Serena Williams stands every chance of going on a winning run at Wimbledon, according to Ons Jabeur, who would love to meet the 23-time grand slam champion in the final.
Williams teamed up with Jabeur to play doubles at the Eastbourne International in the past week, the American's first competitive tennis since being forced to retire from a first-round clash with Aliaksandra Sasnovich at Wimbledon last year.
Seven-time Wimbledon singles queen Williams has not won a grand slam since 2017's Australian Open, and has lost two finals at SW19 during the drought, to Angelique Kerber in 2018 and Simona Halep in 2019.
Third seed Jabeur expects the 40-year-old WTA superstar to give a positive account of herself when she gets her Wimbledon campaign under way against Harmony Tan on Tuesday.
"I feel Serena was playing well and moving well. I think she can win matches at Wimbledon," Jabeur said in a BBC Sport column.
"We were put in opposite sides of the draw so that means we couldn't play until the final. That's okay - I'll send her to Iga Swiatek's half instead and leave the possibility of those two great players facing each other.
"I, for sure, didn't want to play her in the first round. You don't want to play Serena, especially at Wimbledon. But if it did happen then it would be amazing to play her and that would add another thing to the dream list for me."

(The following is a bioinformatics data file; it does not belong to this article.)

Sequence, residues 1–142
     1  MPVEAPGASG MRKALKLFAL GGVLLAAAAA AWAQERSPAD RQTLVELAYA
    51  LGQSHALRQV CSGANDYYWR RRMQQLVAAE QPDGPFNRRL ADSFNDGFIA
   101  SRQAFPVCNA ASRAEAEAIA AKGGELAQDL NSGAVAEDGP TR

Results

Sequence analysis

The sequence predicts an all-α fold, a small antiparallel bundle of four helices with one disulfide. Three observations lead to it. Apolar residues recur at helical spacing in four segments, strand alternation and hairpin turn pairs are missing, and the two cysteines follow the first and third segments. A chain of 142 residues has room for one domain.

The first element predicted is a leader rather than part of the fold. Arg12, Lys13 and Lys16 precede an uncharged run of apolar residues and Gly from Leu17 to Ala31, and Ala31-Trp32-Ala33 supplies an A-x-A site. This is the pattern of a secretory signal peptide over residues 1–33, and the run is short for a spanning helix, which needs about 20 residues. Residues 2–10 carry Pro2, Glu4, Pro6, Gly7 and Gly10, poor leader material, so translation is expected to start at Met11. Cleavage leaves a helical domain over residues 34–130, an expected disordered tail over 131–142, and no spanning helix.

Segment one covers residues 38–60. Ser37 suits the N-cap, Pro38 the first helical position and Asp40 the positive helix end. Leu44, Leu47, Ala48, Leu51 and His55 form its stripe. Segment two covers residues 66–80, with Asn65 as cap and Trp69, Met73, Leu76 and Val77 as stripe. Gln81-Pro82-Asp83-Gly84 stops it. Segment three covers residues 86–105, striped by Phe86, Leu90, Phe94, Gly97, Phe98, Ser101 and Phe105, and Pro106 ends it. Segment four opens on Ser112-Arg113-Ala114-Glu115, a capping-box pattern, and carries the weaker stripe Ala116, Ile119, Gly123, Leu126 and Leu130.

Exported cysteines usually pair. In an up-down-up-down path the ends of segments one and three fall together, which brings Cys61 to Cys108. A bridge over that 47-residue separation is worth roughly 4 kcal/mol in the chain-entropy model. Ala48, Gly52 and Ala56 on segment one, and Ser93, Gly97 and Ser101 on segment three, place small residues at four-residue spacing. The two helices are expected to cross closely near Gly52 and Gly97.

Jabeur gets her own campaign under way when she faces Sweden's Mirjam Bjorklund on Monday, and believes the confidence gained from playing alongside Williams could prove crucial in her bid for a first title at this level.
"Playing with Serena Williams in the doubles at Eastbourne last week was an unbelievable experience and one which gives me added confidence as I try my best to win my first grand slam title at Wimbledon," Jabeur said.
"If she sees me as a great player and looks at me in that way then I can see myself that way, too."
Jabeur has never played a singles match against Williams, but having the chance to star alongside her surpassed that, allowing the Tunisian to get an insight into the mind of the great champion.
"The whole experience means I feel like I am the luckiest player in the world," said 27-year-old Jabeur.